Update 12 February 2013: A whole bunch of medical research charities have signed as part of a big gang of patient groups, including my beloved former employer Diabetes UK - hooray :D
"Trials with positive results are twice as likely to get reported as negative results," Goldacre said. "You can't make informed decisions about which treatment is best for the patient on the basis of just half the results, especially as it's the unflattering ones that are withheld."There seems to have been widespread under-reporting of clinical trial data along with an incomplete record of registered trials in the first place. This makes it harder to track what happened next. It also means that healthcare professionals only have part of the picture available to them when looking at which medications to consider for their patients.
Source: GlaxoSmithKline to publish clinical trial data, The Guardian, 5 February 2013
The #alltrials petition calls for all clinical trial reports to be published, not just the positive stuff.
I've heard of the petition mostly through following Ben Goldacre on Twitter where he's been enthusiastically tweeting about organisations who have signed, including a surprise entry from GSK (GlaxoSmithKline) today who are pretty much 'big pharma' by any definition, or haven't signed in the case of the Association of the British Pharmaceutical Industry, aka ABPI.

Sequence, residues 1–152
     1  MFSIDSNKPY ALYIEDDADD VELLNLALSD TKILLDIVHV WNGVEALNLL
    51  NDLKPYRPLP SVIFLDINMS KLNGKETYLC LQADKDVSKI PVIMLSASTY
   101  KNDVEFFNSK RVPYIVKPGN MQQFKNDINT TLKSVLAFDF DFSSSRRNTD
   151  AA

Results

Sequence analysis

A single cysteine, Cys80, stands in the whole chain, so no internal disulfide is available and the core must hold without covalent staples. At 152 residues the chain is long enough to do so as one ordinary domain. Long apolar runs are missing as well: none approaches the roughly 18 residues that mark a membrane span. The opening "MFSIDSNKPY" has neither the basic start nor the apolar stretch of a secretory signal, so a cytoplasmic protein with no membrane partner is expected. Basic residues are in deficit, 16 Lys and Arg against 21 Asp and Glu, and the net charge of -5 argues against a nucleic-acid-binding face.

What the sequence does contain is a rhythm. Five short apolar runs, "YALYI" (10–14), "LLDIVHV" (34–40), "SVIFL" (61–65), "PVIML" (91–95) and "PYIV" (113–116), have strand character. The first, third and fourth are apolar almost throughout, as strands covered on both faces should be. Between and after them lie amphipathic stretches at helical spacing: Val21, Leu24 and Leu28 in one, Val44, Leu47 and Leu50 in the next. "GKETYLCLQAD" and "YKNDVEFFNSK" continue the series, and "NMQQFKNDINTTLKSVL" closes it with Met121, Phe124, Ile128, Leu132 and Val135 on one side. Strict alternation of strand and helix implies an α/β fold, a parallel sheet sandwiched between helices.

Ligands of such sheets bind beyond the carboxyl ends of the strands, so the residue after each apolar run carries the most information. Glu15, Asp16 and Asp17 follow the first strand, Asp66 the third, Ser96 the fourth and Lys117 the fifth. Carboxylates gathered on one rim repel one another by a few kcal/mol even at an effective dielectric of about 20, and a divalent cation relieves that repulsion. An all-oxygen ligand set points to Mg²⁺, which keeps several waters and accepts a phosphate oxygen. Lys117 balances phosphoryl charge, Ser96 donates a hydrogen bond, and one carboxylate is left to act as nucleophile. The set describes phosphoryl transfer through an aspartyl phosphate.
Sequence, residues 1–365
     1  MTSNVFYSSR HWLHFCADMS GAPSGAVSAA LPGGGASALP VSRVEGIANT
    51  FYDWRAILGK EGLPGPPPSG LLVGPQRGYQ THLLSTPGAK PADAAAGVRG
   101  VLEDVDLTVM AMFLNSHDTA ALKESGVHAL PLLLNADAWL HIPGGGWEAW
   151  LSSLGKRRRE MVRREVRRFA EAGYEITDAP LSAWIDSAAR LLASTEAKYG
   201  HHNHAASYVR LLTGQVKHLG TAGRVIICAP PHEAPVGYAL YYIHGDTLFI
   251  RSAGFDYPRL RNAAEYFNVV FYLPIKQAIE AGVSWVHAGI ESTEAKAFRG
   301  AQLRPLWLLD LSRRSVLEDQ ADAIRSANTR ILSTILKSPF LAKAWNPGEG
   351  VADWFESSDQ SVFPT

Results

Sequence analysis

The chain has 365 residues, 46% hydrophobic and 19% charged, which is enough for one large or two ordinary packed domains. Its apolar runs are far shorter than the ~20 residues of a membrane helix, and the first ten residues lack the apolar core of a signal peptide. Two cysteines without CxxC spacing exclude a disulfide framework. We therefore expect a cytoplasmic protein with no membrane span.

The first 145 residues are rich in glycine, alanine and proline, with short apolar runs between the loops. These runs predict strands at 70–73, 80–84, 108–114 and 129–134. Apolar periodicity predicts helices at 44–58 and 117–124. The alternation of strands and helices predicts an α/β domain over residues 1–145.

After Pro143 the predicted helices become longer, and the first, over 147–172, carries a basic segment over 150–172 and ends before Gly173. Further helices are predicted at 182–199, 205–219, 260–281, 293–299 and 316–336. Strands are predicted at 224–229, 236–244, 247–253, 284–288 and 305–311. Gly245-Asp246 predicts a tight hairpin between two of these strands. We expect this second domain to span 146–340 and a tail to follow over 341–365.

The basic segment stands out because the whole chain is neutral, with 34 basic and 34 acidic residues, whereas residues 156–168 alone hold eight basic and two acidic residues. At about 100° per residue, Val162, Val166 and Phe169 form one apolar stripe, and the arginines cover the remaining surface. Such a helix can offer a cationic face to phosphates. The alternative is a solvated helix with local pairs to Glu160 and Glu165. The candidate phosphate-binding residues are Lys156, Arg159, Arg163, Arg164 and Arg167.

The Wellcome Trust has signed the petition and they are a big funder of medical research, they're also members of the Association of Medical Research Charities (AMRC) as are lots of other lovely charities and I hope those charities might also sign this petition.
Signing is A Good Thing and as Ben says in his recent blog post "The eccentric position is now not supporting alltrials.net. There is no serious defense for withholding information about clinical trials from doctors and patients. It is simply unethical, and it harms patients."
- Organisations who have already signed up to support the #alltrials petition
|Click to visit the AllTrials site|
It's important to have all the information to know which drug to prescribe (or which drug to take) but it's also important to know about other problems with drugs that might show up only after the drug is on the market when many more people are taking it. This is 'postmarketing surveillance' (the drug is now on the market and regulatory people keep their beady eyes on it to spot any problems).
Conveniently I heard a discussion about precisely this topic on Radio 4 this evening - Dr Margaret McCartney and someone from the MHRA (Medicines and Healthcare products Regulatory Authority) were discussing, with host Dr Mark Porter, how anyone - you don't have to be a doctor to do this - anyone can use the MHRA's Yellow Card scheme to report any side effect that they experience when taking any medicine.
The scheme was opened up to the public a few years ago - previously it had been just healthcare professionals that would fill these cards in. Now anyone can fill in the 'card' online. The MHRA has noticed that the number of these filled-in reports is dropping and is keen to raise awareness of the yellow card scheme.